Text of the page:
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datetime - When will the java date collapse?

问题描述:

AFAIK java stores dates in long variables as milliseconds. Consequently someday there will be no value (cause long has a maximum) which will correspond to the time of that instant. Do you know when it will happen?

网友答案:

It's easy enough to find out:

public class Test {
    public static void main(String[] args) {
        System.out.println(new java.util.Date(Long.MAX_VALUE));
    }
}

Gives output (on my box):

Sun Aug 17 07:12:55 GMT 292278994

You may need to subtract a bit from Long.MAX_VALUE to cope with your time zone overflowing the range of long, but it will give a reasonable ballpark :)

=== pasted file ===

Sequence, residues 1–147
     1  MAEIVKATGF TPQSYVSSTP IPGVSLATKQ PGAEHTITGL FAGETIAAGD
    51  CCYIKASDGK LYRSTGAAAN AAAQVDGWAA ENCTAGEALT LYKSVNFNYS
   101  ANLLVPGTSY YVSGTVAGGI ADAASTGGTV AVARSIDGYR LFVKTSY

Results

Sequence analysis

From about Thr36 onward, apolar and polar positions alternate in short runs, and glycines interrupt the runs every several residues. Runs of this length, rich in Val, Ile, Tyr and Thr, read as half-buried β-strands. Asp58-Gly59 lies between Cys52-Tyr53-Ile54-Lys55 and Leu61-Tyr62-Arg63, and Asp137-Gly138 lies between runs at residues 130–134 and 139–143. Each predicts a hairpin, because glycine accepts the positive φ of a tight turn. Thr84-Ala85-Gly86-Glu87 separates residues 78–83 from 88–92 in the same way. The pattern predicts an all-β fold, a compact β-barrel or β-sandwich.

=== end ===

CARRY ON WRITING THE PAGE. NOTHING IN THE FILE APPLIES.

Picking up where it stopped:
网友答案:

According to the current leap-year regulations the average number of days per year will be

         365 + 1/4 − 1/100 + 1/400 = 365.2425 days per year

This means that we, in average, have 31556952000 milliseconds per year.

The long-value represents the number of milliseconds since the Epoch (1st of January, 1970) and the maximum number represented by a Java long is 263 − 1, so the following calculation

         1970 + (263 − 1) / 31556952000

reveals that this representation will overflow year 292278994.


This can, as Jon Skeet points out, be confirmed by

-> System.out.println(new Date(Long.MAX_VALUE));
Sun Aug 17 08:12:55 CET 292278994
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